What scientists learned from trainee firefighters

Newswise — The 11 young firefighters went through rigorous training exercises, carrying up to 40 pounds of gear over hilly terrain during a 45-minute training exercise under the California sun. Gloves, helmets, flashlights, goggles and more weighed them down as they sprinted across the countryside wearing fire-resistant clothing to show they were ready to serve as wildland firefighters.

When the training was over, they immediately went to the medical tent – not to rest and recover, but to give their blood, saliva and urine samples for analysis by a team of scientists equipped with needles, tubes, cold compresses and the equipment of their trade.

Scientists at the Department of Energy’s Pacific Northwest National Laboratory (PNNL) then analyzed more than 4,700 molecules — proteins, lipids and metabolites — from each of the firefighters, seeking to understand what happens when the body is subjected to intense physical exercise. Measuring and interpreting the data from thousands of such measurements is the specialty of PNNL scientists who investigate questions related to climate science and human health by analyzing millions of sensitive measurements using mass spectrometry each year.

For this study, the intent was to increase safety for first responders and others.

“Heat stress can be life-threatening,” said Christine Barnum-Johnson, corresponding author of the study. “We wanted to take a deep look at what’s going on in the body and see if we can detect the danger of exhaustion in its earliest stages.” Perhaps we can reduce the risk of strenuous exercise for first responders, athletes and members of the military.

As expected, the team found hundreds of molecular changes in the firefighters. Pre- and post-exercise differences highlight the body’s efforts to repair and repair tissue, maintain fluid balance, cope with increased energy and oxygen demand, and the body’s attempts to repair and regenerate its proteins and other important substances.

But in the saliva, the team found some unexpected results. There was a change in the microbial mix in the mouth – the oral microbiome – indicating that the body is increasingly on alert for bacterial invaders. The scientists also noticed a decrease in signaling molecules important for inflammation and for fighting viral infections.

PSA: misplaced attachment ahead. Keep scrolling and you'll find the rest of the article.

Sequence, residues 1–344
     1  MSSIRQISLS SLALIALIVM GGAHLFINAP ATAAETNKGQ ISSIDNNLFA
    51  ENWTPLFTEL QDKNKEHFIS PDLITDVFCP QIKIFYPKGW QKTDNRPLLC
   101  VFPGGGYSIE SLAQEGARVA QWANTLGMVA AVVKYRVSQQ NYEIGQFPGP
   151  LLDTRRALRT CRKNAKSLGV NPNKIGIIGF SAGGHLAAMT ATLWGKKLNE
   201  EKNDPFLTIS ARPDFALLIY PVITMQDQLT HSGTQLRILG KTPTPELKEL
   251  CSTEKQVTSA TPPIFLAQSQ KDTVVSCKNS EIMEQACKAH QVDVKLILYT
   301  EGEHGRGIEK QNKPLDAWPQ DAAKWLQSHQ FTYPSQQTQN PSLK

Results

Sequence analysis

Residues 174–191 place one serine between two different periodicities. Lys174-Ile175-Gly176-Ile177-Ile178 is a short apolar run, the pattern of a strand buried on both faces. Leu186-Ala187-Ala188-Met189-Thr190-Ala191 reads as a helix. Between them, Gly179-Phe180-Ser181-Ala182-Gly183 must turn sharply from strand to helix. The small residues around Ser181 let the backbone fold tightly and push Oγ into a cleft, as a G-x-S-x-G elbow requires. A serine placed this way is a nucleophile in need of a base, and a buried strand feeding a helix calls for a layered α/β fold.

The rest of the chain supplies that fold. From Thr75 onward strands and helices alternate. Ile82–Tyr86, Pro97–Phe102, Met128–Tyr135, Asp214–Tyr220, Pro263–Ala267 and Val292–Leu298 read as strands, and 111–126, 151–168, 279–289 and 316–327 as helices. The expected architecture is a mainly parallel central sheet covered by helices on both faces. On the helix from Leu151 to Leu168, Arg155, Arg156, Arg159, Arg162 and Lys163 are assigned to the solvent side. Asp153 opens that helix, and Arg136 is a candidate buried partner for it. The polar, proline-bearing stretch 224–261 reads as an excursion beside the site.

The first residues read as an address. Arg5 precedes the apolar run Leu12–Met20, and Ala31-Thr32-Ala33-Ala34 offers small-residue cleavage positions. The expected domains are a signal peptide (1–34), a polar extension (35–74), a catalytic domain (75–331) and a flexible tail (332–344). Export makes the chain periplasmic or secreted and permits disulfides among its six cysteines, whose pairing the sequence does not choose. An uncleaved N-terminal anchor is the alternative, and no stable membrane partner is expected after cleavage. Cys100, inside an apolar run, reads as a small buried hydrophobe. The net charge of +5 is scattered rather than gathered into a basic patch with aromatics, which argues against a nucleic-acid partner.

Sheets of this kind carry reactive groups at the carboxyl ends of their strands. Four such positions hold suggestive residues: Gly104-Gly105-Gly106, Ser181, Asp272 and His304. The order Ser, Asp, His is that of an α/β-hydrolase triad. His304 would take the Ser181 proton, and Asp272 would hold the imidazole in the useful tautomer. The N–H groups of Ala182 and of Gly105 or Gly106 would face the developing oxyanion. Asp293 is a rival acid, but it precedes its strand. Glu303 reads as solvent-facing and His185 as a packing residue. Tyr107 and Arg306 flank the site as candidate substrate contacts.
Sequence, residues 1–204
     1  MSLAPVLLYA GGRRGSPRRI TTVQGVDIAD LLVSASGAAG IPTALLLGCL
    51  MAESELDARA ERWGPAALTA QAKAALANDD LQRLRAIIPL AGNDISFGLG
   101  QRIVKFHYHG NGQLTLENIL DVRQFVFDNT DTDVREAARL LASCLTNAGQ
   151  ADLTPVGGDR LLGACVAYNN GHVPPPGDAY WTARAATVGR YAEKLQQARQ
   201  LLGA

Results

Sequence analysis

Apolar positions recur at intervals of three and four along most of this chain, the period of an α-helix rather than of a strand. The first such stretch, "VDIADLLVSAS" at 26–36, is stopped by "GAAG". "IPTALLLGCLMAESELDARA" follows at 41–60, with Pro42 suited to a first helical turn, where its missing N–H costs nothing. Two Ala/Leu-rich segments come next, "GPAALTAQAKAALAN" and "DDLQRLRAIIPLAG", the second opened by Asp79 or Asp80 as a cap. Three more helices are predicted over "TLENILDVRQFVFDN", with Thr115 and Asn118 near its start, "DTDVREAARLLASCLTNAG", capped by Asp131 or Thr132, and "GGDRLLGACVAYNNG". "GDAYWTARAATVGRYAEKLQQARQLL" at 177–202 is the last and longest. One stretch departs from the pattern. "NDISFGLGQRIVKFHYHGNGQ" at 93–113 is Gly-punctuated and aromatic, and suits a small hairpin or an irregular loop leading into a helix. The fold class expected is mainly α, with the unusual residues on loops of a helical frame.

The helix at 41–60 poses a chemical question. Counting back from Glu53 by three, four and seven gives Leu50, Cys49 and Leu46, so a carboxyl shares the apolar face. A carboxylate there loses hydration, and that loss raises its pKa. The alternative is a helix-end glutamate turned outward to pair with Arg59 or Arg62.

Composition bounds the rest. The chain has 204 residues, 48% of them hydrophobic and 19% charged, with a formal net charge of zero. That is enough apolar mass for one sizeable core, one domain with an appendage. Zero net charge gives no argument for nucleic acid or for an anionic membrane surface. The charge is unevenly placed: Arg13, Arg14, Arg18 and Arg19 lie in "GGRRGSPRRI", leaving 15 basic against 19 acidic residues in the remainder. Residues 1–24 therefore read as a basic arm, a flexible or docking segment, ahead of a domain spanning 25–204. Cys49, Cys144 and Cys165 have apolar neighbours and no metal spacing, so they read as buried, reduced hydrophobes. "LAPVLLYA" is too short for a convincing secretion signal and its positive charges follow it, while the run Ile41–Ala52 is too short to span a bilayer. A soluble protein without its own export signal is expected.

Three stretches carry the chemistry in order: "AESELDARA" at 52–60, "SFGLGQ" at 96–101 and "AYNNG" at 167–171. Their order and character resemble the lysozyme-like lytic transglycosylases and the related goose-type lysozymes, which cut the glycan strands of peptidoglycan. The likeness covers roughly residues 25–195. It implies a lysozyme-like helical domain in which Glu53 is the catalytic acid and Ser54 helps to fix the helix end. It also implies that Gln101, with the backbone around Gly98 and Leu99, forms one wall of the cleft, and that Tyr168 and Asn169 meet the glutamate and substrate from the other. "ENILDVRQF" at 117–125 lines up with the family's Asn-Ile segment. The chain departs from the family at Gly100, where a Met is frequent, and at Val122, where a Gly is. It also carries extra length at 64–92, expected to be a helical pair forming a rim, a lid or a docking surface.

Reducing inflammation makes sense for people who exercise vigorously; less inflammation allows people to inhale air more quickly, meeting the body’s desperate need for more oxygen. Having fewer inflammatory signals in the respiratory system helps the body improve breathing and blood flow.

Less inflammation, better breathing

But less inflammation makes the body more vulnerable to viral respiratory infections — which is exactly what other scientists have observed in elite athletes and others who exercise vigorously. Some studies show that a person is up to twice as likely to get a respiratory viral infection in the days after a particularly vigorous workout.

“People who are very fit may be more susceptible to a viral respiratory infection immediately after vigorous exercise. Having less inflammatory activity to fight infection could be one reason,” said Ernesto Nakayasu, corresponding author of the paper. He notes that the work provides a molecular basis for what clinicians have observed in their patients doing strenuous exercise.

The team hopes the findings will help explain why people are more vulnerable to respiratory infections after exercise.

The study was published Oct. 18 in Military Medical Research.

In addition to Nakayasu and Burnum-Johnson, PNNL authors include Marina A. Gritsenko, Young-Mo Kim, Jennifer E. Kyle, Kelly G. Stratton, Carrie D. Nicora, Natalie Munoz, Yuqian Gao, Carl K. Weitz, Vanessa L. Paurus, Kent J. Bloodsworth, Kelsey A. Allen, Lisa M. Brammer, Fernando Montes, Kathleen A. Clark, Grant Tietje, and Justin Tiguarden.

The work was funded by PNNL. Some of the mass spectrometry measurements were performed at the Environmental Molecular Sciences Laboratory, a Department of Energy Office of Science user facility at PNNL.

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